Once we had set up again, we ate a quick breakfast and set off for the day. We hiked the same route up the trail, and had our first stop at Emperor Falls. To get to the falls, you take a side trail off to the right, and walk for about two minutes. It’s definitely worth the stop – the falls are HUGE, and the mist can cool you off a bit.
The Emperor Falls campground would be another nice place to stay the night. We stopped to have a few bites of food and fill up our water (note: the water purification tabs in the packing list). The campsites are close to the water, which would make for a nice soundtrack to fall asleep to.
After Emperor Falls, you continue to hike up and up and up until you get to a very flat area. You have to cross this flat area to get to the next site: Marmot. Marmot had some nice campsites as well. When you get to Marmot, you’re at the base of Berg Lake. You can start to see the Berg Glacier and the base of Rearguard Mountain – but it’s worth hiking on to see the full view. We were on a mission to make it to the Berg Lake shelter, so we kept trekking the 3 more km to get there.
When we arrived at the Berg Lake shelter, we were both feeling a bit hypoglycemic and tired from the 14km hike up. We acknowledged that we hadn’t really eaten enough food yet – so cozied up at a table inside the shelter and took in a bunch of snacks. After regaining some energy, we explored the area a bit more to see the views. It truly was magical up there.
We then knew what we had to do: hike the 10km back down to our campsite. The hike down was definitely easier than the hike up – and it was nice knowing we had a bag of wine and some “charcuterie” waiting for us.
We were so happy to arrive back at Whitehorn to be able to set up for dinner. We found a spot by the river, and made a mix of snacks (meats, cheeses, nuts, dried fruit) and wine, and then had a more substantial dinner after. The wine felt well deserved that night after the long day of hiking. We watched the sun set on our last night on the trail, and enjoyed our last quiet evening disconnected from the rest of the world.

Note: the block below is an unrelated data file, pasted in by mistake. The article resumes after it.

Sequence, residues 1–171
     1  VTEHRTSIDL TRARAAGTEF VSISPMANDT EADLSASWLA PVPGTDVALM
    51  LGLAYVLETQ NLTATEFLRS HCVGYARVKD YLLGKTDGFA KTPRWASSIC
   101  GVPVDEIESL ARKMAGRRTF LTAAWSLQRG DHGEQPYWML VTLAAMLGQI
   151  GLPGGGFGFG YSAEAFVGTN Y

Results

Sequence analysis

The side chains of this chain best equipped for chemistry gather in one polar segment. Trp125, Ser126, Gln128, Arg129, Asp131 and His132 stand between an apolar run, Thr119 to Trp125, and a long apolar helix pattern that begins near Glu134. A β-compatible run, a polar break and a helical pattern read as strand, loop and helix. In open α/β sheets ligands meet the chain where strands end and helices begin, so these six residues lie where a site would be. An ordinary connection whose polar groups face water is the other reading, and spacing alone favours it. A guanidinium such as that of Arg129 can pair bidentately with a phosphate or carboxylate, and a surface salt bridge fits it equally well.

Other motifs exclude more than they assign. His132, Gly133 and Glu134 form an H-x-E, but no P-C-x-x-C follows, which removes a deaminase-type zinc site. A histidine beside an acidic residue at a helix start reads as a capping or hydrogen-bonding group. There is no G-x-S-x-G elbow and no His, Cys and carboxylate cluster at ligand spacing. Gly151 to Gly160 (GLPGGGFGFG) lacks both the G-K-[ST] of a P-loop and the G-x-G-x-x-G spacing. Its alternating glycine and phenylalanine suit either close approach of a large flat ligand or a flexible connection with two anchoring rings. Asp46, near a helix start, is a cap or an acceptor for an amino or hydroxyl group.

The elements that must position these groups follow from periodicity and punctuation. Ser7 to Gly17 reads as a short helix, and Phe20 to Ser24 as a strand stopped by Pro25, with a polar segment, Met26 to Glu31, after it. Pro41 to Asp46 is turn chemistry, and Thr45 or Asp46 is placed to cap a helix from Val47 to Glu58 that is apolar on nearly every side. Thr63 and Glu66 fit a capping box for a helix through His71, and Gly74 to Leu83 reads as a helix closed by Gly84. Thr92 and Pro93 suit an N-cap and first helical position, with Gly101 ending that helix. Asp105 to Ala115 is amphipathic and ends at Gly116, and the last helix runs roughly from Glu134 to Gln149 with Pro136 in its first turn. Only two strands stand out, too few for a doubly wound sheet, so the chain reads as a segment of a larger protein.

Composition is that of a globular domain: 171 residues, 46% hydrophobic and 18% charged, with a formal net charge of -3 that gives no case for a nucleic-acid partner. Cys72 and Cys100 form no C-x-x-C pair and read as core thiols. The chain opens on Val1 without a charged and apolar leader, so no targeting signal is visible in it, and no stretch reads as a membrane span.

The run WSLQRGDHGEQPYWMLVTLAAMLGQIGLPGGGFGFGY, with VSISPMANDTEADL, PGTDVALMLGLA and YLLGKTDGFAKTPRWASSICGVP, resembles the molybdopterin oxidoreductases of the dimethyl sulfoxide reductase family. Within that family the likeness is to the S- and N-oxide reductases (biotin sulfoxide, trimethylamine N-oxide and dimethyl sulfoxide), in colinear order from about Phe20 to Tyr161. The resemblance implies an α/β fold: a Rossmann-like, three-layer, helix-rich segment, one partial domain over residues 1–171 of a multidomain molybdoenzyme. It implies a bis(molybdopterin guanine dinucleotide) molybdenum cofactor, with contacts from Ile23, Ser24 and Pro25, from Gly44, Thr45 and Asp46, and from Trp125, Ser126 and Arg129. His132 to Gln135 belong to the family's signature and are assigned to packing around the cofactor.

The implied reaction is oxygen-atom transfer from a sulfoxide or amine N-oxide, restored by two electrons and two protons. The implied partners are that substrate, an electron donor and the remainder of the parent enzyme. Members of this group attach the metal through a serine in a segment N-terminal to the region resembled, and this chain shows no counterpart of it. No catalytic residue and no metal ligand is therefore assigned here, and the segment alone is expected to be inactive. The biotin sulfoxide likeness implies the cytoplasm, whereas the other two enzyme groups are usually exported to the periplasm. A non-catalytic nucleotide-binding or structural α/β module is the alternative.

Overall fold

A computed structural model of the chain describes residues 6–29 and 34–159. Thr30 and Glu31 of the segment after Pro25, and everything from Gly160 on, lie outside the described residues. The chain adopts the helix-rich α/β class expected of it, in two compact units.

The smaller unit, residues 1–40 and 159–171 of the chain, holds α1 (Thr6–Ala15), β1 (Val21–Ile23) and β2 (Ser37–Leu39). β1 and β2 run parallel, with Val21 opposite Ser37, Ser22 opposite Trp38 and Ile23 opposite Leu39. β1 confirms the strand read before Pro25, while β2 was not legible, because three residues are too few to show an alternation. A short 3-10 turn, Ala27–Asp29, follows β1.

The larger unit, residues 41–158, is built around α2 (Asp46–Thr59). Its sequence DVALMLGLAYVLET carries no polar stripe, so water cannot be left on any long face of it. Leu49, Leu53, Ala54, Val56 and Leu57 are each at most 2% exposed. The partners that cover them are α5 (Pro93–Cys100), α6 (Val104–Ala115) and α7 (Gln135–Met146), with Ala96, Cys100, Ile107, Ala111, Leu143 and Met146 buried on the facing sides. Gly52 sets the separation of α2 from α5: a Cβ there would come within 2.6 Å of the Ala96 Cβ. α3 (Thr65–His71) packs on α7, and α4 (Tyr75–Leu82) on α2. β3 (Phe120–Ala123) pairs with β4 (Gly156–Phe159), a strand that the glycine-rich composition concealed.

Day 4: We woke up, made some breakfast, and started packing everything up. We both had to head back to work the next day, so wanted to get back to Calgary at a decent time. We ran into a ton of day hikers on the hike out – all in their clean clothes, running shoes and day-packs – and us in our worn clothes, muddy trail shoes and 60L packs. After a few days camping in the backcountry, you wear it all like a badge of honour – knowing that you were able to survive on just the things you carried in.
When we got to the car, it was nice to take the packs off and change. Always leave a change of clean clothes in the car for when you’re finished – trust me.
Here are a few FAQs I’ve had friends ask …
Is there cell service?
NO – enjoy the time away being disconnected. It’s a great way to connect with the person you’re traveling with, away from the rest of the world.
Where do you get water?
There’s a rushing river that you can access from all sites. There are warnings to fill your bottle when you’re going to be hiking away from the river for a while. We used water purification tabs that we bought at MEC. We had also brought a life-straw, but ended up not using it. The water was extremely clear without any visible particles, and we were completely fine.
What are the washrooms like?
There are outhouses at each campsite. They’re fine. Bring your own toilet paper though!!!
Did you have to eat dehydrated meals the whole time?
No! We actually ate some pretty great meals. I’ll describe some of them below.
Was it worth it?
YES! I would do this again in a heartbeat – and I think we will try to make it an annual trip.
- Tent (as light as possible) – we have the 2-person Hubba Hubba MSR tent
- Sleeping pad x2 – we have the thermarest neo air ones
- Sleeping bag x2 – warm enough, as it may drop to 0 degrees overnight
- Inflatable pillow x2 – we didn’t actually bring things; we used our clothing cubes
- Headlamp x2 – very important!
- Fuel x2 + camp stove – we have the MSR pocket rocket, others use the JetBoil which is also great
- Cooking pot – necessary to make food!
- Bowls + cups + sporks
- Scrubby – easier to clean the pot and bowls
- Camp soap – biodegradable!
- Water purifier tabs and/or a LifeStraw
- Nalgene x2
- Waterbottle x2
- Aeropress – perfect way to make coffee in the back country!
- Puffy Jacket
- Pants/ tights
- Socks x3
- Tshirt/tank x2
- Bathing suit
- Flip flops
- Underwear x3
- SportsBra x1
- Coffee (Aeropress)
- Peanut butter/ Almond butter packets (or make your own)
- Bananas – we ate these the second morning
- Turkey sausages
- Babybel cheese – lasts well for a few days!
- Quinoa + Spice mix + Veggies (Veggies are ok for a few days)
- Pasta + Pesto + Veggies
- White KD
- Ramen + Veggies
- Larabars/ Kindbars/ Onebars
- Trail mix
- Clif Blocks/ Endurance Tap
- Beef or other meat jerky